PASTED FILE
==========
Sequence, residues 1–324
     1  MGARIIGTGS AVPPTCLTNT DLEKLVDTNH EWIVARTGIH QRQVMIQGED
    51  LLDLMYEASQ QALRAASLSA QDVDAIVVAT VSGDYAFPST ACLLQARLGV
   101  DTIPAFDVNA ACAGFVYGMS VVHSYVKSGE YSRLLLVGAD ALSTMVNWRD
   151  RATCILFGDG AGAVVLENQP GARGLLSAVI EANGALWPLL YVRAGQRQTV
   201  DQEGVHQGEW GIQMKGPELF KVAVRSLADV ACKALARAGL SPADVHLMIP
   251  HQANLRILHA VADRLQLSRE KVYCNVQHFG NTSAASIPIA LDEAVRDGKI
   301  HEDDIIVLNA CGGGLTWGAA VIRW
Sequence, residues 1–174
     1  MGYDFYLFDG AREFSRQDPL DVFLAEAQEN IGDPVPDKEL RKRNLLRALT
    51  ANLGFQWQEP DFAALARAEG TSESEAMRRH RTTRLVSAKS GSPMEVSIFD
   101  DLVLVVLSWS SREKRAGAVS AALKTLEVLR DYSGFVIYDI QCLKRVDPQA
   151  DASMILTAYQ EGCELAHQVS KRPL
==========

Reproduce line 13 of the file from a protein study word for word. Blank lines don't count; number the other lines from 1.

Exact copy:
   151  DASMILTAYQ EGCELAHQVS KRPL